Severe Infections 5 Times More Likely Among Sinovac Than Pfizer COVID-19 Vaccine Recipients: Study

By Cindy Liu
Cindy Liu
Cindy Liu
April 24, 2022 Updated: April 24, 2022

The China-made Sinovac-CoronaVac vaccine is the least effective in preventing infection or severe symptoms among COVID-19 patients compared to the Sinopharm, Moderna, and Pfizer-BioNTech/Comirnaty vaccines, according to a recently published study from Singapore.

“We observed a lower relative effectiveness of two inactivated whole virus vaccines (Sinovac-CoronaVac and Sinopharm) against COVID-19 infection compared with two mRNA vaccines (Pfizer-BioNTech/Comirnaty and Moderna),” reported the researchers in a study published in Clinical Infectious Diseases on April 12.

Researchers said their findings imply Sinovac-CoronaVac and Sinopharm are 54 percent and 84 percent effective against severe cases respectively, “assuming the vaccine effectiveness against severe disease for Pfizer-BioNTech/Comirnaty of 90 percent as suggested by systematic reviews.”

Meanwhile, the study suggests that the Moderna vaccine is 96 percent effective in preventing severe symptoms among COVID-19 patients.

The researchers looked into infections and severe cases among a cohort of over 2.7 million people aged 20 and above, from 14 to 120 days after they had been vaccinated with two doses. Seventy-four percent of the cohort was vaccinated with the Pfizer-BioNTech/Comirnaty vaccine, 23 percent received the Moderna vaccine, while only 2 percent and 1 percent received the Sinovac-CoronaVac and Sinopharm vaccine respectively.

The study was conducted based on observations between Oct. 1 and Nov. 21, 2021, when daily cases in Singapore reached a peak, driven by the spread of the Delta variant. Ninety-six percent of the eligible population had received at least two doses of any vaccine by the end of last year.

The researchers found that people vaccinated with the Sinovac-CoronaVac were 2.37 times more likely to be infected by the CCP (Chinese Communist Party) virus, also known as the novel coronavirus, and 4.59 times more likely to develop severe symptoms compared to people who received the Pfizer-BioNTech/Comirnaty vaccine.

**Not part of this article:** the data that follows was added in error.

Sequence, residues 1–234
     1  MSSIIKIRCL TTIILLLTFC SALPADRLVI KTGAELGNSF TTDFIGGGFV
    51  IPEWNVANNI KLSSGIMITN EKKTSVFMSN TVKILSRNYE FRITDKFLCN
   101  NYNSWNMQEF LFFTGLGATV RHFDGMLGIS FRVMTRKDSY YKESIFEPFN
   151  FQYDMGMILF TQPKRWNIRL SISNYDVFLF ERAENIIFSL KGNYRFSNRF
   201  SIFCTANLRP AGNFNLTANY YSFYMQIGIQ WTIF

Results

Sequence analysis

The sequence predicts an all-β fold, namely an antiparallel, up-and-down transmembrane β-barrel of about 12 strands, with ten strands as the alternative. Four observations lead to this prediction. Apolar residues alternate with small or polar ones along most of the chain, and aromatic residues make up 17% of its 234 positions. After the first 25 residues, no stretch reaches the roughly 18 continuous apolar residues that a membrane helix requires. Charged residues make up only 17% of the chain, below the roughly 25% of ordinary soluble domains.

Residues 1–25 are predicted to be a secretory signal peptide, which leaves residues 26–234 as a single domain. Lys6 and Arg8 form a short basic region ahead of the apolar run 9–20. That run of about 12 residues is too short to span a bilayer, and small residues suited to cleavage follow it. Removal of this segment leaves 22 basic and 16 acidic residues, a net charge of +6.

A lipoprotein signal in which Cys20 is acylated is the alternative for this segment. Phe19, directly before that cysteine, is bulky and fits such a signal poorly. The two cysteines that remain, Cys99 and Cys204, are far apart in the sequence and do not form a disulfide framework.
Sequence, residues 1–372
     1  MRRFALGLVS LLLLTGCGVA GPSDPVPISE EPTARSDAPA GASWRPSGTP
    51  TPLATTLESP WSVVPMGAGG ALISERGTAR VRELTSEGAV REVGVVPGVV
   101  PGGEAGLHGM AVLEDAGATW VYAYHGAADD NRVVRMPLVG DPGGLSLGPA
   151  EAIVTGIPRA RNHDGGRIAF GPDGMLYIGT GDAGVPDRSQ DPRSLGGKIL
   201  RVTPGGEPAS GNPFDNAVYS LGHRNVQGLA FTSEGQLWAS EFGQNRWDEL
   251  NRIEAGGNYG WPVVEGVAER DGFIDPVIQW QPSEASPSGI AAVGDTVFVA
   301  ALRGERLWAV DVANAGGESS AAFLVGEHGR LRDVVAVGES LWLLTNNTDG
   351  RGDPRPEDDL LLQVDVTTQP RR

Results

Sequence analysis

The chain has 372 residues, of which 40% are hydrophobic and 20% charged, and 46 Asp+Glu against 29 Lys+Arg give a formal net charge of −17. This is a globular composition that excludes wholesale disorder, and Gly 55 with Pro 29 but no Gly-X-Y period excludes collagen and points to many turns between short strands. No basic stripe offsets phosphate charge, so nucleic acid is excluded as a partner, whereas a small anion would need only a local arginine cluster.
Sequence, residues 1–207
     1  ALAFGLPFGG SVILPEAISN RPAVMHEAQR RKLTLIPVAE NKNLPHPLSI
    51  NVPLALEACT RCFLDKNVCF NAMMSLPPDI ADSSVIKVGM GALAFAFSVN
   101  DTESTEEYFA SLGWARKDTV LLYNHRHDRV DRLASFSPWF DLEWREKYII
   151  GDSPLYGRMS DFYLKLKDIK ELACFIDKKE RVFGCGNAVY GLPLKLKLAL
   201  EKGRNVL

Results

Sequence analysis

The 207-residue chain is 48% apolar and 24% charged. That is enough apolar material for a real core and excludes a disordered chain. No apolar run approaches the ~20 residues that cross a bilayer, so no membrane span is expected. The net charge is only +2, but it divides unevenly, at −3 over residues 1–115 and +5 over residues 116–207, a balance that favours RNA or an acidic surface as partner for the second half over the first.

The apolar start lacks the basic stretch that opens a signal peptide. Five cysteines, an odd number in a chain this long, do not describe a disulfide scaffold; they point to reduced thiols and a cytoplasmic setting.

“Singapore study that showed five times the risk of severe COVID with Sinovac vs Pfizer. Thankfully only 2% vaccinated with Sinovac,” commented David Lye in a Twitter post on April 13. Lye, a coauthor of the study, is the director of the infectious disease research and training office at the National Center for Infectious Diseases (NCID).

Sinopharm, another China-made inactivated whole virus vaccine, was also found to be less effective than the mRNA vaccines. Infection and severe disease were 1.62 times and 1.58 times more likely among Sinopharm recipients.

“Sinopharm demonstrated a higher relative effectiveness against COVID-19 infection than Sinovac-CoronaVac in our study, although lower than the mRNA vaccines,” the researchers wrote.

“To date, there has not been any study directly comparing these two inactivated virus vaccines,” they added.

However, the researchers noted that previous studies have found the Sinopharm vaccine to be less effective in inducing antibody and T-cell response, including a published Hungarian study of 57 adult healthy volunteers who received either the Sinopharm or the Pfizer-BioNTech vaccine.

The Moderna vaccine was found to be more effective than the Pfizer-BioNTech/Comirnaty vaccine in Singapore. People who received the Moderna vaccine were 0.84 times less likely to be infected by the CCP virus, and 0.42 times less likely to develop severe symptoms.

“Our findings suggest that the Moderna vaccine is more effective than Pfizer-BioNTech/Comirnaty against severe disease, which is supported by other studies,” the researchers for the Singapore study wrote.

“In a report by the U.S. Centers for Disease Control and Prevention, vaccine effectiveness against COVID-19 hospitalization was slightly higher after two doses of Moderna than Pfizer-BioNTech, likely attributed to higher mRNA content in the Moderna vaccine and longer time interval between doses,” said the authors.

The researchers acknowledged several limitations to the study, including the assumption that all four vaccines did not experience differential waning of immunity. “Restriction to individuals who completed their second dose within 120 days was done to mitigate any potential impact,” said the authors.

The authors also noted potential confounding factors such as the individuals’ comorbidities, their health behaviors, and factors that influence their choice of vaccine in the first place.

Singapore started to vaccinate its population against the CCP virus on Dec. 30, 2020 with the Pfizer-BioNTech/Comirnaty vaccine. It subsequently approved the Moderna and the Sinovac-CoronaVac vaccine on Feb. 3 and Oct. 23 last year, while the Sinopharm vaccine was available through a special access route at private health care institutions from Aug. 30, 2021.

However, recipients of the Sinovac-CoronaVac and the Sinopharm vaccine are only considered to be fully vaccinated after they have received a third dose since the beginning of this year. They were also recommended to receive an mRNA vaccine for the booster dose.

The most recent figures suggest 93 percent of the total population in Singapore have received at least one dose of a COVID-19 vaccine, and 73 percent have received booster shots.